## Solution:

First of all, "The product of every subarray is equal to its LCM" means "All these numbers are mutually prime". "All these numbers are mutually prime" means "In all these numbers, the prime factors of any two numbers are different".

### The simplest solution:

Start from $l$, continually try to extend new number from the right side. When we are trying to extend $i_1$th number, we check if for every $j\in[l, i_1-1]$, so that $gcd(a_j,a_{i_1})=1$.

Then start from $i_1$, we try extending in same way until $r$. Every try is a new segment.

### A little faster solution:

We can see, in the solution above, the time complexity of each query is $O(n^2)$. Now we have a $O(n)$ solution for each query.

We define a array $last$, $last[i]$ represent the last index of $i$th prime number appear. And define array $next$, $next[pos]$ represent the maximum position can be extended from $pos$ (not include $next[pos]$).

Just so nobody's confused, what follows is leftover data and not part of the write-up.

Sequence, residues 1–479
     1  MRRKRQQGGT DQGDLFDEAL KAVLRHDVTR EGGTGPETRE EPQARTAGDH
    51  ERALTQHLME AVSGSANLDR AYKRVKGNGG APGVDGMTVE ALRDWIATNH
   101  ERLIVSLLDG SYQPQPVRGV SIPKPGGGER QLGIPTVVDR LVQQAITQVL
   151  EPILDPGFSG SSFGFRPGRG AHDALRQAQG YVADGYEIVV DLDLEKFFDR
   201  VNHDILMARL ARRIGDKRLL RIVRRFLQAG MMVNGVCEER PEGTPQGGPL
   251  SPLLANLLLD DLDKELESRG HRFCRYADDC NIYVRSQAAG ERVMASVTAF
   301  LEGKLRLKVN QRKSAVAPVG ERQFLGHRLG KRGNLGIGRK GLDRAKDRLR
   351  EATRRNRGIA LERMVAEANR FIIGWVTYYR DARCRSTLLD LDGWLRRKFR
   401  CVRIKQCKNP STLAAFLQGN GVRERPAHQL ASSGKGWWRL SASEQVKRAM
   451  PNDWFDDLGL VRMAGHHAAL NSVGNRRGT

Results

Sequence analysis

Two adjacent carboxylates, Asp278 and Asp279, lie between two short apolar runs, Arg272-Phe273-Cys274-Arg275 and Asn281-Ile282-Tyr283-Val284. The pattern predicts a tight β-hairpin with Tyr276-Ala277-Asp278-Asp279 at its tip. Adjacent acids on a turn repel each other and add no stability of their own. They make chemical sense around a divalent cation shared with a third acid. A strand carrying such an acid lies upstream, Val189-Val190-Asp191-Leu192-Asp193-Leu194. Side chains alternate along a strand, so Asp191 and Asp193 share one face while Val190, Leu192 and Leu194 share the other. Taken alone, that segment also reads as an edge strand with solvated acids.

So when we do prime factorization on $a_x$, we can find the last index $pos$ which has the same prime factor through $last[i]$. Of course $gcd(a_x,a_{pos})\neq 1$. So, we have $next[pos]=min(next[pos], x)$.

So we start from $l$, every time, we jump to $next[l]$ until $r$. Every jump is a new segment.

### AC solution:

Even though it's $O(n)$ for each query, but there are $n$ queries in total. So the total complexity is $O(n^2)$. We need change it to $O(n\cdot log(n))$.

Let's define $dp[i][j]$, which represent the position jump $2^i$ times from $j$. So: $$dp[i][j]=dp[i-1][dp[i-1][j]]$$

So we start from $l$, find the maximum $i$ which $dp[i][j]<r$ by binary search. Keep repeating until no such $i$ is found.

## Code: 蜀ICP备19018968号